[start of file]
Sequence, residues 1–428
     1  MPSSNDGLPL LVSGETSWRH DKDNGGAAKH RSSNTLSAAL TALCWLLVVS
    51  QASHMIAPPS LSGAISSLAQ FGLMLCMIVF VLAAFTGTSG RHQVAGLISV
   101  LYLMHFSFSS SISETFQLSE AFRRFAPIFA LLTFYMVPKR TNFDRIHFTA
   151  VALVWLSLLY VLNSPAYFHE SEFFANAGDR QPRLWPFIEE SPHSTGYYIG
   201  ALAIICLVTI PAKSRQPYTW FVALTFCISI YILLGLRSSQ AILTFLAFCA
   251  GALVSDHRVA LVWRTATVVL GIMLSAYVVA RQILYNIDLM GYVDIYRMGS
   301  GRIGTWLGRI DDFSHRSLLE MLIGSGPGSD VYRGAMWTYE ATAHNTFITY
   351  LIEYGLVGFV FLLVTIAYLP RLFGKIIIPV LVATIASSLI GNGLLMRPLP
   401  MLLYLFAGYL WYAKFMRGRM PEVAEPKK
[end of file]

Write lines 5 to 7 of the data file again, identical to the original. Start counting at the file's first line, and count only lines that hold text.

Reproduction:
   151  VALVWLSLLY VLNSPAYFHE SEFFANAGDR QPRLWPFIEE SPHSTGYYIG
   201  ALAIICLVTI PAKSRQPYTW FVALTFCISI YILLGLRSSQ AILTFLAFCA
   251  GALVSDHRVA LVWRTATVVL GIMLSAYVVA RQILYNIDLM GYVDIYRMGS